Q:

How can you detect a small leak on the evaporative emission control system?

A:

Quick Answer

To detect a small leak on the evaporative emission control system, a mechanic uses a smoke machine and looks for smoke emitting from any EVAP component in the system. Visible smoke indicates the source of the leak. Vehicles generate trouble code P0442 when small leaks occurs, but a fuel cap or tank that is damaged or defective also triggers the code. A smoke test of the entire EVAP system typically reveals hidden leaks behind or under vehicle components.

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Full Answer

The P0442 code reports that there is a small leak in the EVAP system, but the code really means that when the powertrain computer runs the evaporative leak test twice, the EVAP system does not hold a specific vacuum level for a specific time period. If a 0.020-inch pinhole exists in the EVAP system, the system typically fails the computerized leak test.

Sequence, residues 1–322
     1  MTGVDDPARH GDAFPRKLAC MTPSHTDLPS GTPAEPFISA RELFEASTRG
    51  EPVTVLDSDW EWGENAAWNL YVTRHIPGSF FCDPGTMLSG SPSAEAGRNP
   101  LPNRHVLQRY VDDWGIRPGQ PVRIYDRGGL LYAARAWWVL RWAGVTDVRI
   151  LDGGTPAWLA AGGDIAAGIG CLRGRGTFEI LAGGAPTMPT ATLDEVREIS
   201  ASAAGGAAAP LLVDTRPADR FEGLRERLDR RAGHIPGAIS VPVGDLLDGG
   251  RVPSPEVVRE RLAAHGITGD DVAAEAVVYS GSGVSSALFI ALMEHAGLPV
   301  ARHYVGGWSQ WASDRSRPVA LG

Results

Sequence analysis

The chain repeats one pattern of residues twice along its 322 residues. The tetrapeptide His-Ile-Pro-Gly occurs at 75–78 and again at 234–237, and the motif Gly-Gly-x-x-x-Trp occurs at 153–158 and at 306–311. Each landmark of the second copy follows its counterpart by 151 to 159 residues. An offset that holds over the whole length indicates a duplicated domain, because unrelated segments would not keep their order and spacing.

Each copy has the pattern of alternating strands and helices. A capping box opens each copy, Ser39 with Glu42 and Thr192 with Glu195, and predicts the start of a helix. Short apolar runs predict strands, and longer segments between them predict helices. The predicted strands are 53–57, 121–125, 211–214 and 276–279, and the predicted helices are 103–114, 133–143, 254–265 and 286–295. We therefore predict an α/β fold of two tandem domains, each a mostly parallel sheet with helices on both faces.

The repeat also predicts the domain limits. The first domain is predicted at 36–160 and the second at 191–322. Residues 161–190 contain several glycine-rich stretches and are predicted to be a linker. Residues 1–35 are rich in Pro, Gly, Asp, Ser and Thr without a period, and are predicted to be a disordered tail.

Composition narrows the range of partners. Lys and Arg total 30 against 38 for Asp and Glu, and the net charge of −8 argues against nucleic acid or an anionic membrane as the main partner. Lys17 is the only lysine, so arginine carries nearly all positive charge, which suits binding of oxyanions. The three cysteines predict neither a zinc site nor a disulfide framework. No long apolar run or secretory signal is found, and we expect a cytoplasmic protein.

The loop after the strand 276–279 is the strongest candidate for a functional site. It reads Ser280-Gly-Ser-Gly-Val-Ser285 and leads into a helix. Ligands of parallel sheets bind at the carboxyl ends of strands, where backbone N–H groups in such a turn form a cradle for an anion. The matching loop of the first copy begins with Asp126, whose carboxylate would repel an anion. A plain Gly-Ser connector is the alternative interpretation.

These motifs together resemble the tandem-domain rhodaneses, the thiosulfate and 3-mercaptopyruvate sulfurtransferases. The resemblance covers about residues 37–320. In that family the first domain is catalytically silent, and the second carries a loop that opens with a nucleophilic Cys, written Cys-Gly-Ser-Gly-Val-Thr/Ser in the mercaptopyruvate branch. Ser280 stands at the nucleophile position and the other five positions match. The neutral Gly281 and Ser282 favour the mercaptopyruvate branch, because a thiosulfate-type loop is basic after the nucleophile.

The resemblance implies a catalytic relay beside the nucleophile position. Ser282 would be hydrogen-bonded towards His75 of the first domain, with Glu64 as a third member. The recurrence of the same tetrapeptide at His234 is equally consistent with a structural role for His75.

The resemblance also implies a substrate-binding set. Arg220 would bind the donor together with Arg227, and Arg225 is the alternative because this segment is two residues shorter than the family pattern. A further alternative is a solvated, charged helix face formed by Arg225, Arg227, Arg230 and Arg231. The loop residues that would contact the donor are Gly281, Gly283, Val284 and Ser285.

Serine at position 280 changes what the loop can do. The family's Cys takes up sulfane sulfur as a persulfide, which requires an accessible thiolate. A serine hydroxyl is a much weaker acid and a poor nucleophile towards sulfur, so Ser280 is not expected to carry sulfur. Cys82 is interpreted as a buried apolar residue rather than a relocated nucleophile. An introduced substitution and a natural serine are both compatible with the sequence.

If close examination of the accessible components, hoses and fuel cap do not reveal signs of deterioration or damage, the mechanic may conduct the smoke test. During the test, the mechanic should take special note of the carbon canister, the fuel tank filler neck, fuel tank, fuel level sending unit, and the fuel pump position and seal. Small system leaks can occur when someone replaces a vehicle's fuel pump but does not install it or seal it properly. If the leak is in the fuel tank, the mechanic may need to take the rear seats out to gain access to it.

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